The house has a central hall (twelve feet wide and forty feet long), flanked by a library, stair hall, and dining room on one side and, on the other, a ballroom where all six of the Randolph daughters celebrated their weddings. The ballroom is the home’s principal interior feature and is all white (including the floor), with a freestanding Corinthian arch and an L-shaped extension into a curved bay. Molded plaster ornamentation in the house includes friezes and cornices, which in the central hall feature modillions interspersed with paterae. The rococo marble mantels are black in the dining room and library, gray in the bedrooms, and white in the ballroom. Seven interior staircases facilitated service while maintaining a strict separation of activities and hierarchies.
Randolph, who in 1844 had built the first steam-powered sugar mill in Iberville Parish, insisted on incorporating the latest technology in his home as well. The house incorporated luxuries of a functional order—indoor plumbing with hot and cold water, gas lighting, and coal fireplaces—all innovative features at the time. Behind the house was an underground vault for storing the coal used in manufacturing gas for illumination. The home’s interior network of bells for calling servants was more advanced and complex than typical systems of its day. The ground floor included a bowling alley for the Randolph children.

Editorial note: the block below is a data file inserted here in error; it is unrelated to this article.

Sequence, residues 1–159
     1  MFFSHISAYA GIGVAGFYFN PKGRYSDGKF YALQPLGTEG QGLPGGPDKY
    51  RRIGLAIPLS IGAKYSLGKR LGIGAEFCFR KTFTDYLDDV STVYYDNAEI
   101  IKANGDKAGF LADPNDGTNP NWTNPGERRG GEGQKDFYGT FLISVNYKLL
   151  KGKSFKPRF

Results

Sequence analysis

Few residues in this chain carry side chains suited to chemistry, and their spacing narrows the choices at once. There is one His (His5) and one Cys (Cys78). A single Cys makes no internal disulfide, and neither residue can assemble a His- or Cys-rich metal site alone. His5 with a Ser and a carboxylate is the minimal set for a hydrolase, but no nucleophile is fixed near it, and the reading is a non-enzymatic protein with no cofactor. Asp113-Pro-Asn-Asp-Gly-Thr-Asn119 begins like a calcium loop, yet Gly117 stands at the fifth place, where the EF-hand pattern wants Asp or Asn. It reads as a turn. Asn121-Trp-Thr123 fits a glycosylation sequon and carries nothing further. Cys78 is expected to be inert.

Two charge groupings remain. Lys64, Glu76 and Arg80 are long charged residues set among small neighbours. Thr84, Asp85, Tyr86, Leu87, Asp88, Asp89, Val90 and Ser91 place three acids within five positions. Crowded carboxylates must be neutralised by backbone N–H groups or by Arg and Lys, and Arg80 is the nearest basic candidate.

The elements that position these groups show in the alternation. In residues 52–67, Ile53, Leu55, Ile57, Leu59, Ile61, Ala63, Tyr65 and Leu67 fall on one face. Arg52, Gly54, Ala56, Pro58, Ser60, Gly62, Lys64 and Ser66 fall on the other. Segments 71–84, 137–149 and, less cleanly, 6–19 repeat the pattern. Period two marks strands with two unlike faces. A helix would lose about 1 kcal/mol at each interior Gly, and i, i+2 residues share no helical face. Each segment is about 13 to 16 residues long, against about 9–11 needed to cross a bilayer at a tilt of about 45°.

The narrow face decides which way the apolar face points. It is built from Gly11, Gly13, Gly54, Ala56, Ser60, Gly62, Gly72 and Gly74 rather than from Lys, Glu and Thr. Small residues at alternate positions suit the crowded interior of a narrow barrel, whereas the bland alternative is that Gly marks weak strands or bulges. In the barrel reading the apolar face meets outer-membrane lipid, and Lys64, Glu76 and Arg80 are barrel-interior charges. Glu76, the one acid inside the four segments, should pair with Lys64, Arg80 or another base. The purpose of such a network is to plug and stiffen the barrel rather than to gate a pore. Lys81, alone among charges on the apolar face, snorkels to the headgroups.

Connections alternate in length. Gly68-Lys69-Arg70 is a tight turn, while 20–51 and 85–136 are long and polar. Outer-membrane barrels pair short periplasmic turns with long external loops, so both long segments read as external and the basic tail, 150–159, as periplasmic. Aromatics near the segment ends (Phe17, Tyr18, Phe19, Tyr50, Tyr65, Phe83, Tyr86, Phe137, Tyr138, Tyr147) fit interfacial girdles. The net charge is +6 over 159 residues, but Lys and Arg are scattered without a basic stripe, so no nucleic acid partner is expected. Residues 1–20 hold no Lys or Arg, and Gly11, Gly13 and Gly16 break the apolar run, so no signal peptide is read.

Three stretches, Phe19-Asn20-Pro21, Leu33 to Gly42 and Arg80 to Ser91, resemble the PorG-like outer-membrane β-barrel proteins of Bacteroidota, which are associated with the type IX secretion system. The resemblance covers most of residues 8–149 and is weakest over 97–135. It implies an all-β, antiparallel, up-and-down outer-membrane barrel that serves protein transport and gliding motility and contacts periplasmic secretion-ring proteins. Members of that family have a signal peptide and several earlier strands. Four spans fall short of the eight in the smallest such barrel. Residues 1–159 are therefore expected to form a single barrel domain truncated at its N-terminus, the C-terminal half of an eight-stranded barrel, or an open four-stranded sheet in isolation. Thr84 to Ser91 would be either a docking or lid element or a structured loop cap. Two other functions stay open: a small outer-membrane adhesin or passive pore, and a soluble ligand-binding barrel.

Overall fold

The 1860 census records that Randolph owned 155 slaves, who lived in forty-two cabins. The grounds included a bathhouse, a hospital, and a meetinghouse that was used as a nursery for the enslaved workers’ children during the week and as a church on Sundays. Originally an allée of oaks led from the house to the river; it was destroyed as levees were enlarged over the course of time.
The Civil War began just two years after the house was completed. John Randolph, like many other Louisiana planters, moved with most of his enslaved workers to Texas during the war to raise cotton. Emily Randolph stayed at Nottoway with their two youngest children in an attempt to preserve their home from destruction. The plantation grounds received heavy damage from shelling, as both Confederate and Union troops occupied the land, but the house itself emerged largely unscathed. After the war, Randolph contracted fifty-three of his formerly enslaved workers to return to work on his Louisiana lands. Through a number of shrewd financial maneuvers in the drastically changed postwar economy, Randolph managed to hang on to his land and even buy property from other bankrupt planters, but he, too, was losing money when he died in 1883. His widow sold the plantation six years later, and Nottoway subsequently had a succession of owners. Nottoway is now open for tours and advertises as a “plantation resort,” with overnight accommodations, a restaurant, a swimming pool, and tennis courts.
Adapted from Karen Kingsley’s Buildings of Louisiana, part of the Buildings of the United States series commissioned by the Society of Architectural Historians and published by Oxford University Press.